Madden and the 12-year-old Dutch Warmblood stallion owned by Abigail Wexner come fresh off wins during the 2018 Winter Equestrian Festival, including winning the $205,000 CaptiveOne Advisors Grand Prix CSI4* and the $205,000 CSIO4* Lugano Diamonds Grand Prix.

“He has gotten quite fast and he’s won quite a few classes in the last year,” continues Madden. “Some horses you might not take such a risk today because you need the horse to be rideable and careful for the rest of the competition, but those are his strong points: he’s rideable and he’s careful. So I thought it was okay today to take a shot.”

Madden won the Final in Göteborg in 2013 aboard Simon. When asked if she remembered what position she was in after the first class in 2013, she stated that she won that first class as well.

Ryan and Eddie Blue, the nine-year-old Dutch Warmblood gelding owned by LL Show Jumpers, LLC, made a splash in their FEI World Cup Jumping Final debut with a clear round, heading into the second class in the third position.

“I know I have a really good horse,” stated Ryan. “He has been competing very well in the States. It has always been a dream of mine to represent the United States, so here we are. I am very happy to be here, and it’s great that there are two of us up here tonight.”

View full results.

From the US Equestrian Communications Department

Graves and Francis Primed to Compete for US in 2018 FEI World Cup Dressage Final

Laura Graves and Verdades. Shannon Brinkman Photography.

Paris, France – Two strong dressage combinations will represent the U.S. in the 2018 FEI World Cup Dressage Final at the AccorHotels Arena in Paris, France, April 13 and 14. Coming off high scores at the Adequan® Global Dressage Festival (AGDF), both Laura Graves and Shelly Francis, and their horses, are prepared and ready to compete.

Meet the Athletes

Olympic bronze medalist Laura Graves (Geneva, Fla.) will look to defend her FEI World Cup Dressage Final second-place finish in 2017. She and Verdades, a 16-year-old KWPN gelding she owns with Curt Maes, were undefeated in their showing at the 2018 AGDF. The combination topped the leaderboard in the Grand Prix CDI-W and Grand Prix Freestyle CDI-W during week three, the Grand Prix CDI5* and Grand Prix Freestyle CDI5* during week five, and the Grand Prix CDI-W and Grand Prix Freestyle CDI-W during week eight. Earning one of their highest scores ever, an 84.975 percent in the CDI-W Grand Prix Freestyle, Graves and Verdades are hoping to squeeze every point they can out of their tests in Paris.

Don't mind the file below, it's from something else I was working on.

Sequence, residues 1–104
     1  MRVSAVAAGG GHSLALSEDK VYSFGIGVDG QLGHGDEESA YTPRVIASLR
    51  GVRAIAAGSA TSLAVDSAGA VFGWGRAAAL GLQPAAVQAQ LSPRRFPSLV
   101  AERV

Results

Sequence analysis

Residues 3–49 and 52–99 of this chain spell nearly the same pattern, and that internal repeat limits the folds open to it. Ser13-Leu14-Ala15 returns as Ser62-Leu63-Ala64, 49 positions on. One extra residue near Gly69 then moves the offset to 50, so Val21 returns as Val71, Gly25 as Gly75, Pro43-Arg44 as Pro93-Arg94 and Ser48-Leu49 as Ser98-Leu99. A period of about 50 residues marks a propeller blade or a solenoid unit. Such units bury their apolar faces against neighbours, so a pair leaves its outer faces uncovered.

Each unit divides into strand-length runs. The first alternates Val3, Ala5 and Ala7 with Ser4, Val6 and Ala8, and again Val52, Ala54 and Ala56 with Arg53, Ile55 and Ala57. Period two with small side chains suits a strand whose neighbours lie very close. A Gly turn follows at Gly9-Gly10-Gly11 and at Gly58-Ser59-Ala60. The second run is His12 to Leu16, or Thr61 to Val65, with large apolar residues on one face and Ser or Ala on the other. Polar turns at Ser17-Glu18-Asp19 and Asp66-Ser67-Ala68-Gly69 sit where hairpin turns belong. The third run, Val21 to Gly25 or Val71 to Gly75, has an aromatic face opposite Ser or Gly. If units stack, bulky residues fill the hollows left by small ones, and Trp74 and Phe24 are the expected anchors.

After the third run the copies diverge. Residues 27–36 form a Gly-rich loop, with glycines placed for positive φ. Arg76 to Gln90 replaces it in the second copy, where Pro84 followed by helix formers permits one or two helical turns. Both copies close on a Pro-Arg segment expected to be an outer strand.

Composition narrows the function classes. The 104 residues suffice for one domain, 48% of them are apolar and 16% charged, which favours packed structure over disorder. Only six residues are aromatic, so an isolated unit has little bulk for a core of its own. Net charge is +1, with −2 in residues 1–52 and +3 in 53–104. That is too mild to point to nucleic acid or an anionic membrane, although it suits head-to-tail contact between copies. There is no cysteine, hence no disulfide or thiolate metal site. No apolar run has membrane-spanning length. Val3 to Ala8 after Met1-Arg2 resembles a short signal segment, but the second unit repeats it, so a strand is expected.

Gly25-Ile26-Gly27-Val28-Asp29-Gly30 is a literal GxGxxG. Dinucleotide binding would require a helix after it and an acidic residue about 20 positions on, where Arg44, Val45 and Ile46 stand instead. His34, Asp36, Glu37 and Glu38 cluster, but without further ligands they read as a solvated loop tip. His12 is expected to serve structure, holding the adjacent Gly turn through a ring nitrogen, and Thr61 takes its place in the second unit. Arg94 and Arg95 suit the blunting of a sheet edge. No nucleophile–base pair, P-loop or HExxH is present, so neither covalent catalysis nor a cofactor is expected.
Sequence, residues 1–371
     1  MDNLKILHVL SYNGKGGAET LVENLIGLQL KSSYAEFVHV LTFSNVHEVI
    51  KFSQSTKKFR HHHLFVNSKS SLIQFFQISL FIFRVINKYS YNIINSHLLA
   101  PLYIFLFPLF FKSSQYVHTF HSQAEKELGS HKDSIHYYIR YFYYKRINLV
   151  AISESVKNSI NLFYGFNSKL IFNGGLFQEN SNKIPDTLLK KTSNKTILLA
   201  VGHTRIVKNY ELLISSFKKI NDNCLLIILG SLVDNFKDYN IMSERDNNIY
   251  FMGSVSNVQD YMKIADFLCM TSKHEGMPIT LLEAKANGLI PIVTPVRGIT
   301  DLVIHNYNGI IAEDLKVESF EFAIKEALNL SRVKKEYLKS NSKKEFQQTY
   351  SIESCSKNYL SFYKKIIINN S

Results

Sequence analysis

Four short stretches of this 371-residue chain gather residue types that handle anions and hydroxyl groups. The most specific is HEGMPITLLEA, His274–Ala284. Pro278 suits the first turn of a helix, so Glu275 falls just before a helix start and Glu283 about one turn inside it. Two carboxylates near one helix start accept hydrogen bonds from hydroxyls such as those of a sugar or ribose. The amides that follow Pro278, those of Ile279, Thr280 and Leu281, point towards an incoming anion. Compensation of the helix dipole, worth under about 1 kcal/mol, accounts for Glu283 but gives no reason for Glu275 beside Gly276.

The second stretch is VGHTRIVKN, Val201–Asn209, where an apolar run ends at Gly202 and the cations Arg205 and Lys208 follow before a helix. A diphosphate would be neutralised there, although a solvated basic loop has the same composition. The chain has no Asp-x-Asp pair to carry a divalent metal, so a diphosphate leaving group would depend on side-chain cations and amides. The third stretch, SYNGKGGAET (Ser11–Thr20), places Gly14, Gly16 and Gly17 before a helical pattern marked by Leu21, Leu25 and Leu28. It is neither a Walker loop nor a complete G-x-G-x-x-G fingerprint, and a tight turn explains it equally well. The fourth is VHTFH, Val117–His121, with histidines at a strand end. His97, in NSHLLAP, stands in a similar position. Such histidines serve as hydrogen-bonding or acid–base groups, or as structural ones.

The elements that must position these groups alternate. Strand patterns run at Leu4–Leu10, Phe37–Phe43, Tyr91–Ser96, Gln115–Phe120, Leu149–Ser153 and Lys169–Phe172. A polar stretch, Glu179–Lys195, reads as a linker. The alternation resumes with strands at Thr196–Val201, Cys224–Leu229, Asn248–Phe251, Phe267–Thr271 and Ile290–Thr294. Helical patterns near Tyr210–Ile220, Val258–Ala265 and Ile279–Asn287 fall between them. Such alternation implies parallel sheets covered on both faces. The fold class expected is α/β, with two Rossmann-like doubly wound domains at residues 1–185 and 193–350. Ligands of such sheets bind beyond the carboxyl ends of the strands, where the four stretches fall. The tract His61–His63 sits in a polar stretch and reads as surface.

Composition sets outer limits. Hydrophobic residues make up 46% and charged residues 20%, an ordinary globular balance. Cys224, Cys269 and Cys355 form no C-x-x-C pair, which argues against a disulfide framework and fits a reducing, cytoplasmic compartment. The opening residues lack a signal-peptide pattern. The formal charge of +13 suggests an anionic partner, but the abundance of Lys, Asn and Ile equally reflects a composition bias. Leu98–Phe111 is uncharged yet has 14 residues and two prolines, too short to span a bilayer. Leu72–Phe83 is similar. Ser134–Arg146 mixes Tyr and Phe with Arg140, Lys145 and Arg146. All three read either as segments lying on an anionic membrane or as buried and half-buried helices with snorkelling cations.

“Omaha was an especially important event for us,” said Graves. “It is always terrific to ride in your home country, but this is my third World Cup [Final], and we’re here in Paris and honestly, just as excited. Hopefully, we are better than last year; hopefully we are better than we were yesterday. That is always our goal. It is also the first time [Isabell Werth] and I will be head-to-head since Aachen last year, where we were able to come out on top in the grand prix special. A lot of top competitors are here from other countries. We are certainly going to give it our best shot.”

Graves and Verdades were a valuable combination in The Dutta Corp. U.S. Dressage Team’s silver-medal finish and gold-medal finish in the FEI Dressage Nations Cup™ Germany, at CHIO Aachen, and the FEI Dressage Nations Cup The Netherlands, respectively, in 2017.

Shelly Francis (Loxahatchee, Fla.) will show at her first FEI World Cup Dressage Final with Danilo, Patricia Stempel’s 14-year-old Hanoverian gelding. The combination placed second in the Grand Prix CDI-W and Grand Prix Freestyle CDI-W during week one of the 2018 AGDF. Francis and Danilo placed second in the CDI-W Grand Prix Freestyle during week three of the 2018 AGDF with a 77.72 percent, earning Danilo’s highest freestyle score ever. The combination then posted a personal best score for their grand prix special test of 73.979 percent when they won the Grand Prix Special CDI4* during week 10 of the 2018 AGDF, then placed second in the Grand Prix CDI4*.

Although a new face to the Final, Francis is a veteran and skilled competitor, selected as the traveling reserve with Doktor for the U.S. Olympic Dressage Team for the 2016 Rio Olympic Games, as well as with Pikant in 1996 for the Atlanta Olympic Games and in 1998 for the WEG in Rome.

Competition Information

Competition for the Final begins Friday with the FEI Grand Prix at 9:30 a.m. EST. Saturday’s FEI Grand Prix Freestyle begins at 8:00 a.m. EST, with its results determining the FEI World Cup Dressage Champion. Watch the live stream on FEI TV.

View more information about the 2018 FEI World Cup Dressage Final.

From the US Equestrian Communications Department